Newswise — Baltimore, December 5 – Investigators in a population-based study in Denmark reporting today at the American Epilepsy Society’s 65th annual meeting have found there is an increased risk of autism spectrum disorder and childhood autism in children born of mothers who are exposed to the anticonvulsant valproate during pregnancy. (Platform B.09)
The relative risk of autism spectrum disorder in children of mothers on valproate monotherapy was found to be 2.6 times that of children not exposed to antiepileptic medication in utero. The risk of childhood autism was almost five-fold increased compared to children without prenatal exposure to valproate.
Lead investigator, Dr. Jakob Christensen of Aarhus University Hospital, Denmark, cautions that while there appears to be a relationship between valproate and autism, women of childbearing age should not stop taking the medication without consulting their doctors.
“Stopping any anticonvulsant medication poses a serious danger,” Dr. Christensen says. “Women taking valproate who are contemplating pregnancy should consult with their doctors about the possibility of transitioning to another drug, or reducing the dosage of their present medication when that isn’t possible.”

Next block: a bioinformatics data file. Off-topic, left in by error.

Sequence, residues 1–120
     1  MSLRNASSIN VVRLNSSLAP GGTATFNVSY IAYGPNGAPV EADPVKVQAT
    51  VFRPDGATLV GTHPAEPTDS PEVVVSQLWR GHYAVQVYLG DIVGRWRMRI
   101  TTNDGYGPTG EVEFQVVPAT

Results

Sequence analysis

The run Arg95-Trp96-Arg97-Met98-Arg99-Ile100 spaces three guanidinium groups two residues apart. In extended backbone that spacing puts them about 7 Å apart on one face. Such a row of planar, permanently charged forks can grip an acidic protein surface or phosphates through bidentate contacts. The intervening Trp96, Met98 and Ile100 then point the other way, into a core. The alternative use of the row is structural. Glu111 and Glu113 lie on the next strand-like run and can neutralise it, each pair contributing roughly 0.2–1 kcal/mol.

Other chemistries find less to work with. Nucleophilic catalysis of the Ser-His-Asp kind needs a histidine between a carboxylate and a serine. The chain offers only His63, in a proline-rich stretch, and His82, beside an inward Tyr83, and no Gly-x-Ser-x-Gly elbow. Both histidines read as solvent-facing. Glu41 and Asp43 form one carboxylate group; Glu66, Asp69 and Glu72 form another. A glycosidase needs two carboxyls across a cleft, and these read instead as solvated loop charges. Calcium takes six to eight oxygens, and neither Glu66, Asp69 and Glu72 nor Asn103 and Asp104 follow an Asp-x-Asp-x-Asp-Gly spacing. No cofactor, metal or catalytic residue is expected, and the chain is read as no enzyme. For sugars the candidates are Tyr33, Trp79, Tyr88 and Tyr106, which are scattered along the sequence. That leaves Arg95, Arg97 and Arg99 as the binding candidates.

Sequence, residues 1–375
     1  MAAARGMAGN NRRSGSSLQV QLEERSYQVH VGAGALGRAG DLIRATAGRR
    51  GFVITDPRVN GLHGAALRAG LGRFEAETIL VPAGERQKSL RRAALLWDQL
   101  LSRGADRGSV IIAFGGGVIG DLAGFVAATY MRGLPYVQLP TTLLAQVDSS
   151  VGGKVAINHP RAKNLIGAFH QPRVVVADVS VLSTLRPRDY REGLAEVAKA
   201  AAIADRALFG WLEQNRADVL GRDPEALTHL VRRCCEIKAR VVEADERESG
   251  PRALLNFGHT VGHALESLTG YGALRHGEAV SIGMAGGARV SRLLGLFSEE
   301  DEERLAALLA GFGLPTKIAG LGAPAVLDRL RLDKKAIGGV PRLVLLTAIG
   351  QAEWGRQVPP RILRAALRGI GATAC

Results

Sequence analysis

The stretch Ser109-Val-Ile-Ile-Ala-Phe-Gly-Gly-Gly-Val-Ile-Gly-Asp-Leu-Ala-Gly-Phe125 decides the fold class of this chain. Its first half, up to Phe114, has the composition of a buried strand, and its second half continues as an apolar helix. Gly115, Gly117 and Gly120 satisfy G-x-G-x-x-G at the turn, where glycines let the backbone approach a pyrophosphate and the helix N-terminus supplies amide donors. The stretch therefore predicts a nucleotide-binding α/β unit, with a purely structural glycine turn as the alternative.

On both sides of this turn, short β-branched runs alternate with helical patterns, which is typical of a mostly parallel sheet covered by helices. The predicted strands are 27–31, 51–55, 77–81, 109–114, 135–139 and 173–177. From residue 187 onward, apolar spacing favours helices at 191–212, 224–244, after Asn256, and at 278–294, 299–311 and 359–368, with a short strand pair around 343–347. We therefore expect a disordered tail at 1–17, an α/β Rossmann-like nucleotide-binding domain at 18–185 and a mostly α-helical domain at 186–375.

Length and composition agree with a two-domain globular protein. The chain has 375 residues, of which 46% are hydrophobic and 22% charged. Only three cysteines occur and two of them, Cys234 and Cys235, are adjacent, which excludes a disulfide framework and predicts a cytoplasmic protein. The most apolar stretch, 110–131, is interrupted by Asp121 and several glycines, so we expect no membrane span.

To arrive at their estimates, Christensen and his team searched data from several national registries. They identified children born between 1996 and 2006 and mothers with epilepsy who were taking valproate 30 days prior to the day of conception to the day of birth. The researchers then identified the children born during this period who were diagnosed with autism spectrum disorder and specifically assessed the subgroup diagnosed with childhood autism.
Editors Note: Authors of this study will be available at a press briefing at 11:30 am, Monday, December 5 in the onsite press room, Room 336, of the Baltimore Convention Center. Briefing call-in number: Dial in on 1-866-740-1260; PIN 5867508#
About the American Epilepsy Society (AES)The American Epilepsy Society, based in West Hartford, CT, seeks to advance and improve the treatment of epilepsy through the promotion of research and education for healthcare professionals. Society membership includes epileptologists and other medical professionals, allied healthcare professionals, and scientists concerned with the care of people who have seizure disorders.
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American Epilepsy Society’s 65th annual meeting